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Question: I feel a little overwhelmed by the number of gifts my children receive around the holidays. I want them to feel a sense of gratitude and understand their own privilege. What are your strategies for dealing with gift-giving around the holidays?

Answer: I think we all get a little worried at this time of year that our children are turning into greedy spoiled little monsters.

If it feels like your child always wants more, take a deep breath and don’t catastrophize. This is fairly normal. The nature of children is to want more. It won’t last forever, and they will be influenced by your family’s values as they grow and mature. We used to say, “What’s important? People, not stuff.”

As children grow, the “I wants” diminish both with maturity and with your influence. One of my children was famous for circling every single kit in the Lego catalogue. When he was 11, I asked him what he wanted for Christmas. He thought for a minute and said, “You know what, mom? I think my life is pretty good. I can’t think of anything I want.” They do come around.

In the meantime, try to stem the flow of gifts. You can give gifts of experience instead of material goods and urge extended family to do the same. Encourage family to give gifts such as museum outings or show tickets. My brother-in-law, Ezra, started the “EZ Pass” tradition for our children, a gift of a sleepover at auntie’s and uncle’s with pizza and movies. Time spent together is so valuable.

Dial it down. If family or friends insist on buying something, insist on a one gift policy if you can. This can be hard. (See below.)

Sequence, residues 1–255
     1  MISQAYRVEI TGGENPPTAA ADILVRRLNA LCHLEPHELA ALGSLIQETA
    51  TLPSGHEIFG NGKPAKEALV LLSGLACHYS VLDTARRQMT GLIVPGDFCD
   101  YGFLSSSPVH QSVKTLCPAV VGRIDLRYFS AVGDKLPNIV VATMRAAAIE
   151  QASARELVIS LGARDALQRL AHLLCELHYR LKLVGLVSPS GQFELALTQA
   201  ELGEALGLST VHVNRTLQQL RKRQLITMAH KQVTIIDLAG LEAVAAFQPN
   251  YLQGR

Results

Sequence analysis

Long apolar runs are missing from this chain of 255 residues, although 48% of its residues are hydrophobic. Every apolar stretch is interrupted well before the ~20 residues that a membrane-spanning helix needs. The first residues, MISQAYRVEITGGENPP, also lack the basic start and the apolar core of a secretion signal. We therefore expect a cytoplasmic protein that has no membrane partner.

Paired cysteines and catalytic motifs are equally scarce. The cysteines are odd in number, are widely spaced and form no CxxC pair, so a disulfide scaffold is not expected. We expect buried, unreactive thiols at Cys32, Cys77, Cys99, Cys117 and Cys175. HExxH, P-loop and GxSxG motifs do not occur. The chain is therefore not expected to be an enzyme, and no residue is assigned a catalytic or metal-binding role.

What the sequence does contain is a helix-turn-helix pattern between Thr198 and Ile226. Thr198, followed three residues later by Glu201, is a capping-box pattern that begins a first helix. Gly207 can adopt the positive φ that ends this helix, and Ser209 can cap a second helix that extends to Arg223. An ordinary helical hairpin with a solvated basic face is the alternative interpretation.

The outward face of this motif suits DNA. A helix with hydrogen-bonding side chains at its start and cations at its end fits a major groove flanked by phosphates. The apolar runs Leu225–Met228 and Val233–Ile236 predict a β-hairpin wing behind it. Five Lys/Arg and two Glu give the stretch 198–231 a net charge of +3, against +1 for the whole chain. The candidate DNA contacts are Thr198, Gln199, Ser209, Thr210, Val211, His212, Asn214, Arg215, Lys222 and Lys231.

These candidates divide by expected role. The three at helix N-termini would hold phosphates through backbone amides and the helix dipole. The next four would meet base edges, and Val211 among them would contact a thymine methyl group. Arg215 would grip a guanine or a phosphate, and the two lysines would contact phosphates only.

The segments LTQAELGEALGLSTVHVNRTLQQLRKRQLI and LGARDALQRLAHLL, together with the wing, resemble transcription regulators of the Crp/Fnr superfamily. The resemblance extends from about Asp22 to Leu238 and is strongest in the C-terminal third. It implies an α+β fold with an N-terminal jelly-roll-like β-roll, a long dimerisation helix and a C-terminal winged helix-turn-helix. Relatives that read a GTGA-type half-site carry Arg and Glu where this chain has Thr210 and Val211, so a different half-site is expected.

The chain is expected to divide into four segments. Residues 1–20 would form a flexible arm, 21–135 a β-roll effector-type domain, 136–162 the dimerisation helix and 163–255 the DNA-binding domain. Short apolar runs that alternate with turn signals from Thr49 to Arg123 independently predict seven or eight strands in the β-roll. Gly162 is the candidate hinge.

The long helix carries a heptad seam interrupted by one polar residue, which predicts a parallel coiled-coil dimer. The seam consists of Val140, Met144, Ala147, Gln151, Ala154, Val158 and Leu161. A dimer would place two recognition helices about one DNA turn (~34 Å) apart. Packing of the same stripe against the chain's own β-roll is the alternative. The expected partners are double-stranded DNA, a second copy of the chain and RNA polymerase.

Be gracious. Model appreciation by being gracious when your children are given gifts, even if it is over the top. I know a few grandparents who show their love with presents. Remember the spirit in which the gift is given. Even if you think it’s too much, you don’t need to crush the joy of the child or the gift giver.

Encourage giving. If you want the holidays to mean more than receiving, help your children give presents. Give presents to siblings, teachers, neighbours or grandparents. Children love thinking about what someone else would enjoy when they are given the chance. They can make presents or use a small amount of their own money if possible to buy something.

Encourage helping. Donate to the local food bank. Help a neighbour by clearing their sidewalk. Make some care packages for homeless people and hand them out.

Educate. Depending on how old your children are, read some books together and talk about how much we have compared with others. We’re not trying to make them feel guilty. We just want to give them some perspective.

Donate. If you really have too much stuff and you can’t stem the flow, you can have a policy of “in with the new and out with the old.” A quick Google search turns up many organizations that are happy to receive your gently used toys and other goods.

Write thank you notes. When my children were little, they would make cards and dictate the message to me. As they got older, they wrote them on their own. This was not negotiable. If they complained – I know this sounds mean – I told them if they couldn’t be bothered writing a thank you note, how could they expect their loved ones to put in the effort for them next year?

What if your child is acting less than grateful when they’ve just been given a pile of new things? Or if you hear: “His is better!” or, “I already have this!” or, “I didn’t get the one I wanted?” Take a deep breath.

Remember that even you can feel overwhelmed by all the gift-giving. Emotions are running high. Chock it up to overstimulation and double down on the long-term goals we are working toward.

It’s not about one day. It’s about the whole year and how you influence your children in large and small ways every day.

Sarah Rosensweet is a parenting coach who lives in Toronto with her husband and three children, ages 12, 15 and 18.

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